The idea of spending my twilight years living under a bridge in a sleeping bag and eating cat food was not hugely appealing. So, for this Midlifer, retirement wasn’t an immediate option. It lies in the future tantalizingly beckoning me, but unfortunately, it really wasn’t an option available to me at 52 with a mature-aged student husband.
WHAT IS THE SOLUTION?
For us, the secret is to transition into that glorious time of retirement. For me to stay on the work treadmill meant being brave enough to leave that miserable job and putting myself out there to look for something more suitable. I needed to find a job I liked and one that fitted in with the lifestyle I wanted to achieve. It meant finding a job that was part-time, so I could enjoy some of those retirement delights without losing my income in its entirety.
The amazing thing I found was that I am still very employable. I didn’t get the first job I applied for – it only took a month or so of serious job seeking to find one where I’m so much happier. Where I work now, I feel appreciated. I feel like I’m making a difference. I’m actually paid what I’m worth, and I know I give them value for the pay cheque I earn each fortnight.
THREE YEARS LATER
Almost three years have passed since I put in my resignation and moved on. My husband finished his studies and we both now work part-time in jobs we enjoy. We have the flexibility to fit in some hobbies. I have a little volunteer position. I blog three times a week. My husband works from home, and we fill our week without any trouble at all. It’s not a rush and it’s not living from vacation to vacation. We won’t be retiring with millions in the bank, but that’s not what’s important to us.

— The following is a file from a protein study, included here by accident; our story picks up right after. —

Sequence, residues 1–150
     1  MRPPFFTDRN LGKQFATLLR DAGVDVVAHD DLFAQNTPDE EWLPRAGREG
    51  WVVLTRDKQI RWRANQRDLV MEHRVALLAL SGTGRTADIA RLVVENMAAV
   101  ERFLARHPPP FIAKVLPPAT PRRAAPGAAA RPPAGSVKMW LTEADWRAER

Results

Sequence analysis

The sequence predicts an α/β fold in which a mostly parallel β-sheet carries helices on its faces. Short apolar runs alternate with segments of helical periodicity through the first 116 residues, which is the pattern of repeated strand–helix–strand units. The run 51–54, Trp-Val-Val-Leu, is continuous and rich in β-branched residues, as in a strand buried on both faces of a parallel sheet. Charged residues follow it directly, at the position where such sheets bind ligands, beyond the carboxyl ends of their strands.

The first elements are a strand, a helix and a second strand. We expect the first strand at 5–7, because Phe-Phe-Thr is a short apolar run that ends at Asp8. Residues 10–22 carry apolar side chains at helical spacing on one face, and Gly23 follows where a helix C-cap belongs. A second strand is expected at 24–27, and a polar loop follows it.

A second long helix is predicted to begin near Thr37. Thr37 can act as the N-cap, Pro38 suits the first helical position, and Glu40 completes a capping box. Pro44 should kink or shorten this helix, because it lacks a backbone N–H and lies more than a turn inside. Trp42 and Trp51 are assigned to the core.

We want to be living life now – transitioning and preparing for retirement. We want to be ready for the time when we won’t be going to work anymore. I can already think of dozens of extra things I could fill my spare time with if I had more available. That pipedream of retirement is still there – we’re just sliding towards it with a smile on our faces rather than a weary acceptance of our lot in life.
Hi, I’m Leanne. My blog is Cresting The Hill. This is where I write about how great midlife is. I’m a huge fan of the empty nest, and I love where I am in life at this moment in time. I share the lessons I’ve learned and my journey towards this point – because I want everyone to find the happiness that I’m experiencing. I’d love you to visit and leave a comment – let’s get to know each other because connection is what it’s all about!
From Retirement Reflections:
Thank you to Leanne for providing such an open, honest and thought-provoking post. I love how she has so effectively modeled making a much desired job change, regardless of age. Stay tuned next Sunday for ‘Retire From Work But Not From Life — The Art of Positive Aging’ by Sue from Sizzling Toward Sixty. Once again, you won’t want to miss it!
When Donna asked me to guest post for her blog, I have to admit my first immediate thought was, “well, there goes her credibility!”
I am a devoted reader of Retirement Reflections, and Donna offers a mature and polished take on our collective post-career journey. So it does make you wonder why she wants to feature a blogger whose sole ambition is to sow literary imbecility. My personal guess is that Richard is slipping something in her evening cocktail in order for there to be less “writing time” and more “us time” in that household. You may have other ideas, though. I encourage you to share them in the comments area below. We really should get to the bottom of this.